SpongeBob Diner Dash

Common Sense Media says

Aggressive push to purchase drags down dull clone in series.

Age(i)

2
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4
5
6
7
8
9
10
11
12
13
14
15
16
17

Quality(i)

 

Learning(i)

What parents need to know

Ease of play

The game is any easy one to grasp, but the difficulty ramps up quicker than expected. The game has a thorough tutorial, though, which helps players figure out how best to navigate grumbling customers. 

Violence
Not applicable
Sex
Not applicable
Language
Not applicable
Consumerism

Users can unlock all levels of the game for $2 -- and they'll see an ad notifying them of this the minute they turn on the game. They're also prompted to upgrade between levels. To call it intrusive is an understatement. The app also features some ad banners, and players default to receiving a "newsletter" from Nickelodeon when picking a username. That option can be unchecked, but many users won't notice it until they start getting the emails. 

Drinking, drugs, & smoking
Not applicable
Privacy & safety

The app prompts kids to enter their name, and by default selects the option to get the developer's newsletter. While the newsletter is optional, unless kids uncheck the box (it's not obvious that unchecking the box is a choice), they are prompted to enter an email address.

Parents Need to Know

Parents need to know that SpongeBob Diner Dash is a licensed version of the popular strategy game. And given how SpongeBob thrives in the fast food world, it's one that makes sense. The game is free, but aggressively pushes an upgrade to unlock all the levels of the game -- one that kids (or adults) will likely click on at some point inadvertently. The game also attempts to sign users up for a "newsletter" on Nickelodeon products. Parents concerned about SpongeBob's usual "antics," though, have nothing to fear, as the game is a straight on clone of the Diner Dash series, but with different characters.

What kids can learn

Skills

Thinking & Reasoning

  • strategy

Self-Direction

  • time management

What Kids Can Learn

SpongeBob Diner Dash wasn't created with educational intent, and we don't recommend it for learning. 

What kids can learn

Skills

Thinking & Reasoning

  • strategy

Self-Direction

  • time management

SpongeBob Diner Dash wasn't created with educational intent, and we don't recommend it for learning. 

This Learning Rating review was written by Chris Morris

Parents say

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Kids say

What's it about?

Users must seat customers at tables by swiping them from the line to the table itself (earning a bonus by putting them at booths that match their outfit colors), take orders, serve food, present the bill, then clear away the dishes so they can repeat the process with other waiting diners. Customers who have to wait get angry and leave smaller tips (if they don't walk out), though you can curry favor with them by providing free drinks. Those tips can be used to buy upgrades, such as a faster turnaround time on orders or extra speed from waiter SpongeBob.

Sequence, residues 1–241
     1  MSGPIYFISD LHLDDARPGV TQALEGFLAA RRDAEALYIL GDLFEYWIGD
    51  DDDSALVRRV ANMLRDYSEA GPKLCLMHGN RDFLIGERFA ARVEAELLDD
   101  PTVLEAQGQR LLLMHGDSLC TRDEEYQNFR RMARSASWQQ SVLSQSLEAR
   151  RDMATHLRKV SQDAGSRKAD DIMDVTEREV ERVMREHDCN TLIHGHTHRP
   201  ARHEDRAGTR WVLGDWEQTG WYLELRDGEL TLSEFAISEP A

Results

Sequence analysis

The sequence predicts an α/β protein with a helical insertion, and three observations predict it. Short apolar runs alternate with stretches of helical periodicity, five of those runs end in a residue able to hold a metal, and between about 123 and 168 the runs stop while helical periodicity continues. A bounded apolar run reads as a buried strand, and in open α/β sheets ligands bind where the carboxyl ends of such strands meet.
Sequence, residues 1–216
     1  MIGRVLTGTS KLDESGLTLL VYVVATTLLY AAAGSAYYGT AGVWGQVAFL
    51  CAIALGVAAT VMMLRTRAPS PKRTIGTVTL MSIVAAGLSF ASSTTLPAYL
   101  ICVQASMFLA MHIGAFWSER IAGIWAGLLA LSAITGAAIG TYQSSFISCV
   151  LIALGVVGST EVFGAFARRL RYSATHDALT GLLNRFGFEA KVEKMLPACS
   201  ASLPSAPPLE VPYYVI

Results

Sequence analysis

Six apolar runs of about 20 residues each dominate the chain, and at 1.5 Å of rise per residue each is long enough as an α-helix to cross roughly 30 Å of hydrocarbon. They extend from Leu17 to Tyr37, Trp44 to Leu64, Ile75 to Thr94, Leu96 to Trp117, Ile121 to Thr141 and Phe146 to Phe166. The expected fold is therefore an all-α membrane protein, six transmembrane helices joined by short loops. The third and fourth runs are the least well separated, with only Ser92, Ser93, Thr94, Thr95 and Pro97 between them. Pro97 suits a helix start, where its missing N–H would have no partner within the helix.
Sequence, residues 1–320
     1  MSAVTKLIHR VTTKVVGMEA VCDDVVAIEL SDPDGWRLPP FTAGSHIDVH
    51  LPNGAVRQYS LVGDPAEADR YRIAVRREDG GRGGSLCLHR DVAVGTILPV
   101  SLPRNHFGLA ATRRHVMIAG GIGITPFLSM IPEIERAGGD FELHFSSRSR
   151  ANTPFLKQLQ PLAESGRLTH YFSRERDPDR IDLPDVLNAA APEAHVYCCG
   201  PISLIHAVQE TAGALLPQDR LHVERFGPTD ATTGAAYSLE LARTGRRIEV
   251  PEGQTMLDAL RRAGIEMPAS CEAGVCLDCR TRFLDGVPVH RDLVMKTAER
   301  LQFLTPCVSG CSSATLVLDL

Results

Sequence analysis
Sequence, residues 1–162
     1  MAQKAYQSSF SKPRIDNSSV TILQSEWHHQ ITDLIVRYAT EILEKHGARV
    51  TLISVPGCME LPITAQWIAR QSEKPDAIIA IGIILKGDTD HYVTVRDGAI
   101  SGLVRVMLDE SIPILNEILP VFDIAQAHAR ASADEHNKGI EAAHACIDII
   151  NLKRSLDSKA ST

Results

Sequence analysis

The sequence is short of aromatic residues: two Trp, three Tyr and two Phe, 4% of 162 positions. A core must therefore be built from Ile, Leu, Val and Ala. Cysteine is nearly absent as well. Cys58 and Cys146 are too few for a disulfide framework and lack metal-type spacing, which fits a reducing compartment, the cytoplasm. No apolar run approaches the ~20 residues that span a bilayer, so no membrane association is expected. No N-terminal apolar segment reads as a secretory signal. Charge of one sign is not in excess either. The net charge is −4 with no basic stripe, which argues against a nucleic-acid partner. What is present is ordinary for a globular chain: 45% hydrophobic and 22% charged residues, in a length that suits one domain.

Is it any good?

QUALITY
 

While the Diner Dash franchise is an enjoyable one that has a strong legacy in games, SpongeBob Diner Dash does nothing to advance the games. Sure, the characters are familiar to anyone with a TV or passing knowledge of pop culture, but the silliness and slapstick comedy of the show aren't included in the game, making it just a dull port. 

Worse, still, the in-your-face promotion of paying for the "full" version of the game crosses the line of annoyance. If the developers were this worried about getting people to pay for the game, they could easily have offered a trial version and a full paid version and accomplished their goals without annoying their customers.

App details

Devices:iPhone, iPod Touch, iPad
Price:Free
Pricing structure:Free
Release date:June 7, 2012
Category:Strategy Games
Size:43.00 MB
Publisher:Nickelodeon
Version:2.1
Minimum software requirements:iOS 3.2 or later

This review of SpongeBob Diner Dash was written by

Common Sense Media's unbiased ratings are conducted by expert reviewers and aren't influenced by the product's creators or by any of our funders, affiliates, or partners.

About our rating system

  • ON: Content is age-appropriate for kids this age.
  • PAUSE: Know your child; some content may not be right for some kids.
  • OFF: Not age-appropriate for kids this age.
  • NOT FOR KIDS: Not appropriate for kids of any age.

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Quality

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Learning ratings

  • Best: Really engaging; great learning approach.
  • Very Good: Engaging; good learning approach.
  • Good: Pretty engaging; good learning approach.
  • Fair: Somewhat engaging; OK learning approach.
  • Not for Learning: Not recommended for learning.
  • Not for Kids: Not age-appropriate for kids; not recommended for learning.

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What parents and kids say

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Kid, 11 years old January 13, 2015
AGE
8
QUALITY
 
LEARNING

Disappointing in my opinion

I payed $3.99 for this game, and it is a huge disappointment: the Krusty Krab looks nothing like it does in the series, Squidward cooks the food, day goes by too quickly and you are not allowed to customize your restaurant. The full review pretty much explains everything, so I'm just sharing my opinion. Maybe the full review says the app is free, but the price must have changed.
What other families should know
Easy to play/use
Too much consumerism

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